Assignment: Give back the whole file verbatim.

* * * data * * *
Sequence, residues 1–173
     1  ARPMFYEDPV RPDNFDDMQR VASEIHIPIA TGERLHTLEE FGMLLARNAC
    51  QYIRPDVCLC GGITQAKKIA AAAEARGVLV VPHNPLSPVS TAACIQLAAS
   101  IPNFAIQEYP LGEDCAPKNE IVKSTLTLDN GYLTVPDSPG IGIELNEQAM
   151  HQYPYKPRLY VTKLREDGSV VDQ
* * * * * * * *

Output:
Sequence, residues 1–173
     1  ARPMFYEDPV RPDNFDDMQR VASEIHIPIA TGERLHTLEE FGMLLARNAC
    51  QYIRPDVCLC GGITQAKKIA AAAEARGVLV VPHNPLSPVS TAACIQLAAS
   101  IPNFAIQEYP LGEDCAPKNE IVKSTLTLDN GYLTVPDSPG IGIELNEQAM
   151  HQYPYKPRLY VTKLREDGSV VDQ